Narrator 1: At the time of the incident, there were two pumps in the pump house. The pump house also contains a control room from which employees run the station. The station was also equipped with a hydrogen sulfide detection and alarm system that would trigger a separate automated phone call to the pumper on duty if it detected dangerous levels of the toxic gas. The system would also illuminate a rotating red beacon light on top of the pump house. But the CSB found that this critical detection and alert system was not functional on the night of the incident. The pumper drove to the water flood station. The hydrogen sulfide beacon light was not illuminated when the pumper arrived at the water flood station or at any time for the rest of the night. The pumper parked near the water flood station, leaving his personal hydrogen sulfide monitor inside his truck. The pumper went into the control room where the control system indicated the alarm was for pump number one. The pumper then walked to the pumps. He closed pump number one’s discharge valve and partially closed the pump’s intake valve.
While the pumper was near the pump, he was overcome and fatally injured by toxic hydrogen sulfide gas. After several hours when the pumper did not return home, his spouse drove with their two children to the station to check on him. She entered the water flood station facility and searched for him. She soon found him on the floor in the pump house. She then was also overcome and fatally injured by the toxic hydrogen sulfide gas. A short time later, emergency responders approached the pump house. They detected a very strong smell of hydrogen sulfide. This required them to set up the command post outside the front gate of the facility and wear self-contained breathing apparatus. They found the pumper and his wife deceased inside the pump house and water spilling from pump number one. The responders rescued the two children who were inside the spouse’s car.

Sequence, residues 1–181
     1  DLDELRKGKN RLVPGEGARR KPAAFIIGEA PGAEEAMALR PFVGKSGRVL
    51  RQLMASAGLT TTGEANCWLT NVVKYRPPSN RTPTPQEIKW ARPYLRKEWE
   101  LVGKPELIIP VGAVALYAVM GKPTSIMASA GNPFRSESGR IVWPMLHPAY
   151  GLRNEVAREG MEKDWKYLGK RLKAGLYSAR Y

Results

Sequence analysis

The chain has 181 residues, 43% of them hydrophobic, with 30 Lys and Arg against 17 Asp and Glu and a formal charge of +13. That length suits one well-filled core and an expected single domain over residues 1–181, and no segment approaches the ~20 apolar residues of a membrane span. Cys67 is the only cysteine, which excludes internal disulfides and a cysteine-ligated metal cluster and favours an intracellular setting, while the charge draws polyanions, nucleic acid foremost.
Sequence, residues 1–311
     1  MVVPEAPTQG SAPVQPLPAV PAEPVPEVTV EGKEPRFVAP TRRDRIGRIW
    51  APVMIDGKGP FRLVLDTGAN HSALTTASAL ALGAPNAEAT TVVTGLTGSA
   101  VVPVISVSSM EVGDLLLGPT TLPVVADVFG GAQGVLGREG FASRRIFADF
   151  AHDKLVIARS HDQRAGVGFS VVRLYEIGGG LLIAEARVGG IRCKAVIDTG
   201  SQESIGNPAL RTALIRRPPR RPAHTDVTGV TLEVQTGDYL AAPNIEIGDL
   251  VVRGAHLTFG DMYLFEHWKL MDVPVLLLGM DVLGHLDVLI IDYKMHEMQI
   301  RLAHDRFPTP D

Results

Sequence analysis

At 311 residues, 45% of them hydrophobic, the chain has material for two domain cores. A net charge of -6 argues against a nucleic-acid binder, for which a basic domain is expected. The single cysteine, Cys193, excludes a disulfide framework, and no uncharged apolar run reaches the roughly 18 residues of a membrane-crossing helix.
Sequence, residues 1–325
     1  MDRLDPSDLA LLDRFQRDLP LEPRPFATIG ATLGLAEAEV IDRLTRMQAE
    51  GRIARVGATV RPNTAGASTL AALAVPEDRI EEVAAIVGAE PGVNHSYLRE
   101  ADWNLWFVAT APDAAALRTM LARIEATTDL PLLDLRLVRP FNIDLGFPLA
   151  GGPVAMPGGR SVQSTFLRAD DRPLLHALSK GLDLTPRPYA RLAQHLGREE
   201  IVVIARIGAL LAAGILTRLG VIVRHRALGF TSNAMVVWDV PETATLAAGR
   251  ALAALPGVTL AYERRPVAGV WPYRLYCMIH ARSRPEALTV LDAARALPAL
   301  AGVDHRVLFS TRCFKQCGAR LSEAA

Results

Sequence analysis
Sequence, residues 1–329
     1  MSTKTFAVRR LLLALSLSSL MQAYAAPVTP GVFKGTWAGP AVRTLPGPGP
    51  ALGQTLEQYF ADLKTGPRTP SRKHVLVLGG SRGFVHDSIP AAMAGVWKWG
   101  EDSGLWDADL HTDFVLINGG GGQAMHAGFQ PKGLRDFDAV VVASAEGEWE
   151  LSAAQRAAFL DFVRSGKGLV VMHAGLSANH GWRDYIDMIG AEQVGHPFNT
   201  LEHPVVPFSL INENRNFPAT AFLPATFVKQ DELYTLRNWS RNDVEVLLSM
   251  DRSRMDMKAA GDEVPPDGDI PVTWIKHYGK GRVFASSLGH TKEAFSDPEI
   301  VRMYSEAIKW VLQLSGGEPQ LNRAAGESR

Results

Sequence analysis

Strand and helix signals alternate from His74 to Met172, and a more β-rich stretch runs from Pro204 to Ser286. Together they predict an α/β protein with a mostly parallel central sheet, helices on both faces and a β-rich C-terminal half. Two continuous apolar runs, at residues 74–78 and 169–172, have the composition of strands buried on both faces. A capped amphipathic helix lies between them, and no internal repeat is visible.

(noise from local news station)
News anchor 1: The local couple left behind two children. It happened over the weekend during what was supposed to be a routine job at an energy company. Fox 24 station Jeon Kim has the latest as she joins us now live from the sheriff’s office with the details, Jeon.
News anchor 2: That’s right. Such a tragic accident. Husband Jacob Dean was an employee of Alcorn Energy. Now, he was called in that night for a maintenance check. Sheriff Griffis tells me the water coming from a broken equipment inside that pump house was concentrated with H2S gas.
Sheriff (on the news): And it’s just an awful, awful situation. Two little kids have lost their parents. And we just need to pray for those folks.
Jack McDonald: Yeah. So I mentioned this a little bit earlier. I mentioned it calling it sour gas. Sour gas, Hydrogen sulfide. Those are effectively the same thing. Sour gas is gas produced by a well that has hydrogen sulfide in it. Hydrogen sulfide is really, really dangerous stuff. It can cause all kinds of different health problems for people who are exposed to it chronically. And in addition to that, acute, like short term exposure in high concentrations, can kill people or cause long term damage to the person. There have been numerous deaths attributed to hydrogen sulfide in Texas. Because of all of the different things that have happened to the hydrogen sulfide Texas passed several decades ago, laws and regulations that manage how hydrogen sulfide is approved in Texas. Those laws are enforced by the Railroad Commission under something called Rule 36, which requires operators to test their well and figure out how much hydrogen sulfide is coming out of their well. Not every operator is required to do that test. But among the ones that are, Earthworks has found through research that well over half of them are not actually going and testing their wells and giving that information to the Railroad Commission so that the Railroad Commission can properly enforce regulation.